Hearing aids are magical little devices that have the ability to change the lives of people with hearing loss. By allowing people to better hear their surroundings, hearing aids allow people with hearing loss to have meaningful conversations and engage with the world around them.
But what happens when a hearing aid malfunctions or doesn’t function as it should? Do you have the knowledge and skills necessary to perform minor repairs on your hearing aids?
Although countless people around the world rely on hearing aids to treat their hearing loss, many of these people don’t know how to identify and troubleshoot common problems with their devices. There are a number of different issues that can arise with hearing aids, some of which require professional assistance, but many of which can be dealt with quickly and easily on your own.
If you wear hearing aids, it’s a good idea for you to know how to handle some of the more common issues. Here are some problems to look out for:
Hearing Aids That Stop Producing Sound
A lack of sound is one of the most common issues that people who wear hearing aids face. Unfortunately, this problem can have a wide number of different causes, so we first need to identify the underlying issue before we can fix our hearing aid. If your hearing aid isn’t producing sound, try the following:
- Take off the hearing aid and visually inspect it. Pay particular attention to the microphone opening and the ear mold, if you have them. There may be earwax or debris blocking the sound.
- Turn the hearing aid on. This may seem obvious, but it’s an easy step to overlook. If the device won’t turn on, open the battery compartment and check to see if the battery is installed correctly. Try replacing the battery if it still won’t turn on.
- Adjust the volume settings on the hearing aid. It’s possible, especially with manually-controlled devices, that the volume was accidentally turned down.
- Test out the different settings on your device. This will help you identify if the issue is with just one setting or with the entire device.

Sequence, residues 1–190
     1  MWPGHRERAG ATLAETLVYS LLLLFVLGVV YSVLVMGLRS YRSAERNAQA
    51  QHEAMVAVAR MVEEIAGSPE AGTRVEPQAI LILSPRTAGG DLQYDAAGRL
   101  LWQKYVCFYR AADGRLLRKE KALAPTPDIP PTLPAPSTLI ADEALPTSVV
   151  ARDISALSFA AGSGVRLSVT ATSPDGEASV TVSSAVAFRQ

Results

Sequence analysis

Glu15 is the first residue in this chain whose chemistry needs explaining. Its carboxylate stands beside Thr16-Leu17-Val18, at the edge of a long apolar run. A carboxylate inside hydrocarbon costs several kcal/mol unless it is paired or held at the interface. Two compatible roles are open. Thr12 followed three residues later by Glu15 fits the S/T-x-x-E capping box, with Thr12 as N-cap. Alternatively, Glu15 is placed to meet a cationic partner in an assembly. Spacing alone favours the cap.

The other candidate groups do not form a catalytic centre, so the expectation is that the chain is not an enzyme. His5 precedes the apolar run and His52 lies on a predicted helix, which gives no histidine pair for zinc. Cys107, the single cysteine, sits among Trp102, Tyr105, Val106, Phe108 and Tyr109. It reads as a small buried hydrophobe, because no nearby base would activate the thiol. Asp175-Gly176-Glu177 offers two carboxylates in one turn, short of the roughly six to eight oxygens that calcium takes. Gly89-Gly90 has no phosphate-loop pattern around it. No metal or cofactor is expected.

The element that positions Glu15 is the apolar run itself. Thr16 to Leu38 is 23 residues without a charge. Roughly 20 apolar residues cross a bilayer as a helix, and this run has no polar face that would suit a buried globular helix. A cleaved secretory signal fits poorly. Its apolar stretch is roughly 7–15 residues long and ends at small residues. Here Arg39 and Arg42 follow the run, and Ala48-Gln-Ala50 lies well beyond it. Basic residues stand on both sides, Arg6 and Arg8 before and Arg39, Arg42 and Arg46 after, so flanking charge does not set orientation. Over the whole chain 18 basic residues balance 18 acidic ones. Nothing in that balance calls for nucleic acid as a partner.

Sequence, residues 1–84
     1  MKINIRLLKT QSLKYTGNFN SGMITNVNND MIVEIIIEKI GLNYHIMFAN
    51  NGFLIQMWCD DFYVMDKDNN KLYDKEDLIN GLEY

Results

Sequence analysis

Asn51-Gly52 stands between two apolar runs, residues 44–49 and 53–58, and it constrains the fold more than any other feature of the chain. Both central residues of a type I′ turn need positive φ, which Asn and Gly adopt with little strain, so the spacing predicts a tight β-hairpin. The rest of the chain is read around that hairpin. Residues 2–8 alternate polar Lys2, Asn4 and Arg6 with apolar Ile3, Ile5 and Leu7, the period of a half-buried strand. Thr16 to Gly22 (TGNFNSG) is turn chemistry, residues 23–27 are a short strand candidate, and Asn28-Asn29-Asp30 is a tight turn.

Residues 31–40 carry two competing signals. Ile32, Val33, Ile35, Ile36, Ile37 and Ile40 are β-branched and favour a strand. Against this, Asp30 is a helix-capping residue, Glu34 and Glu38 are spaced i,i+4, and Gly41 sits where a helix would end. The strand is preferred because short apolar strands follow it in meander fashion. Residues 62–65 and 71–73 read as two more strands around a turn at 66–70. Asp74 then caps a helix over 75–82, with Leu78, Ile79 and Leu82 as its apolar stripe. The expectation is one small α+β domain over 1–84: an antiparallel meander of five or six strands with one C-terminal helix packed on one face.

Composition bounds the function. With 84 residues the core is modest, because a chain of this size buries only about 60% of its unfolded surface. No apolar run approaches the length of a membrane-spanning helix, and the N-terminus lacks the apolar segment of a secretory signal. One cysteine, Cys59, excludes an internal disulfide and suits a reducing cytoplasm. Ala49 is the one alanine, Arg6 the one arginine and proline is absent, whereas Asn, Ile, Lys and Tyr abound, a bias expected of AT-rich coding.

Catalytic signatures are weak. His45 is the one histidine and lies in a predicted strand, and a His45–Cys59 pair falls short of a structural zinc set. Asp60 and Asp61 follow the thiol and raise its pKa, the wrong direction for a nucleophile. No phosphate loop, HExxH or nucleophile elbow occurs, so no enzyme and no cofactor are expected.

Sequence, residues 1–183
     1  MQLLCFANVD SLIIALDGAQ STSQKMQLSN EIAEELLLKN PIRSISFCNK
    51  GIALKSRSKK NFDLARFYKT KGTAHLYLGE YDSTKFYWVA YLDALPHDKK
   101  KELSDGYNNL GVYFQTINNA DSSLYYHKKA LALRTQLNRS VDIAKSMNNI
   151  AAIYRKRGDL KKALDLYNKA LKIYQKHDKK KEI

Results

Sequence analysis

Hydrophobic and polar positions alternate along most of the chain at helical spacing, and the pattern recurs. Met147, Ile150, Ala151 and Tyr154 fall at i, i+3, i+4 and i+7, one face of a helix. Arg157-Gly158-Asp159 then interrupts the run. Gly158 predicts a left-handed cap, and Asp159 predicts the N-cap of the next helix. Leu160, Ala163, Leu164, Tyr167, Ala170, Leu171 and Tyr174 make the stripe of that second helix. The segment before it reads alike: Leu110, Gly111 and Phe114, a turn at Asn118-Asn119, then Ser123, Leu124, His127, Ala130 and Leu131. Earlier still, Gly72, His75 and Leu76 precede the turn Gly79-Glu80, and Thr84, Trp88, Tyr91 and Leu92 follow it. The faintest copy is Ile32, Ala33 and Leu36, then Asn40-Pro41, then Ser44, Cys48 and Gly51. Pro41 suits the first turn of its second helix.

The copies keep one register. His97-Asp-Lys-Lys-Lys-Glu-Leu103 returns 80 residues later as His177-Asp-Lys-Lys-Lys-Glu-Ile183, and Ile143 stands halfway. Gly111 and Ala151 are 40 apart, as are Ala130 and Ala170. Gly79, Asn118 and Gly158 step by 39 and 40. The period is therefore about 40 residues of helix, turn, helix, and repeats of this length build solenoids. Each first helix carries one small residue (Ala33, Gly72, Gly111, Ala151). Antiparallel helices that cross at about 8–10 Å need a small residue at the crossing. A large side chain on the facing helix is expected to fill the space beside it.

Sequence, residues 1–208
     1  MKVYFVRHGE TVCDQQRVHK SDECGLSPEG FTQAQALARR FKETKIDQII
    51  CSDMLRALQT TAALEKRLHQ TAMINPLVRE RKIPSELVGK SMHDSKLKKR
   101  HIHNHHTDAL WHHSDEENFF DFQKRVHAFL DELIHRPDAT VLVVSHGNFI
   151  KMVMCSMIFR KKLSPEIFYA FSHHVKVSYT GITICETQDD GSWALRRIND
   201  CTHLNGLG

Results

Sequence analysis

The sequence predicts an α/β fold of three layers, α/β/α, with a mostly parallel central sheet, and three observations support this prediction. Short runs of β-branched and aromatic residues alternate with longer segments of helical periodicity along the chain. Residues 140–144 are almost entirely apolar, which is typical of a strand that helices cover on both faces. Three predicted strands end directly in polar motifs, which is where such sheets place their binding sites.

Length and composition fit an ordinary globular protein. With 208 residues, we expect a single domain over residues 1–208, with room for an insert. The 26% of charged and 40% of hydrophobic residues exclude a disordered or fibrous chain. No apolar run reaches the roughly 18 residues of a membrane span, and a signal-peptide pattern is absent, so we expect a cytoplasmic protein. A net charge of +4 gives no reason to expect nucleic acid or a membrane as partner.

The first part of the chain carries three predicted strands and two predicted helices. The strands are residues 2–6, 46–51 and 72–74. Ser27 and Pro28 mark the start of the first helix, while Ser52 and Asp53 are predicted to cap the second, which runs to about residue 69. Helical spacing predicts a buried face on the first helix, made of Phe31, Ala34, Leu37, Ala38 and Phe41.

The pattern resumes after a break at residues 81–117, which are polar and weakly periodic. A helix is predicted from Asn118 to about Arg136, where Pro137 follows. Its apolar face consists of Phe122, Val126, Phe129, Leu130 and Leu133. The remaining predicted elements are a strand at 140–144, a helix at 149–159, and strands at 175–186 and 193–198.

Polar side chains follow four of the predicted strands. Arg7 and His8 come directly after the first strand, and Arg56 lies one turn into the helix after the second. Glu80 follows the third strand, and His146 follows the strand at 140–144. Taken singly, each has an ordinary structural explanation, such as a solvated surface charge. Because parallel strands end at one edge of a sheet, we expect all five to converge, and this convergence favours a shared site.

- Consider the possibility that your hearing aid was damaged by water or another force. Your hearing healthcare professional is a good resource if you still can’t get your hearing aid to produce sound.
Hearing Aids That Aren’t Loud Enough
If your hearing aids aren’t producing a loud enough sound, you may struggle to hear what’s going on around you. Thus it’s important that your devices can operate at a volume that you can actually hear. If your hearing aids aren’t loud enough, try the following tricks to fix them:
- Check to see if there is earwax or other debris blocking the microphone or the earmold and tubing if you wear behind the ear hearing aids. Cracks, blockages, and moisture can all reduce overall volume.
- Turn up the volume. If you have manual volume controls on your hearing aids, it’s possible that they were accidentally adjusted during the day.
- Consider the possibility that your hearing changed. It might be worth scheduling an appointment with your hearing healthcare professional to see if your hearing has changed so your hearing aids can be adjusted accordingly.
Hearing Aids That Sound Distorted
If your hearing aids have started to sound funny, there may be a simple fix – or your devices may be damaged. Try the following steps to see if you can’t get your hearing aids back to normal:
- Inspect the batteries and the battery contacts (the little metal prongs that connect to the battery). Are the corroded or damaged? This could be causing your hearing aids to create distorted sounds, so you may need to replace the battery or the contacts.
- Check your program settings. You may have inadvertently switched to a different setting which is causing sound to be transmitted in a weird way.
Hearing Aids That Produce Feedback
Feedback is a common occurrence among hearing aid users and can be audible to people around you. Feedback can be caused by a number of different issues, but it’s important to deal with it right away so you can continue listening to the world around you. If you’re experiencing frequent feedback, try these tricks:
- Try reinserting your hearing aids. They may not be properly placed within your ears and may need to be re-fit by a professional.
- Turn down the volume. Sometimes there’s just too much sound leaking out of the earmold or vent in the hearing aid, so you may need to turn the volume down a bit.
- Consider whether your ears have an earwax blockage. Ask your hearing healthcare professional to inspect your ears and remove any earwax which may be increasing the feedback from your devices.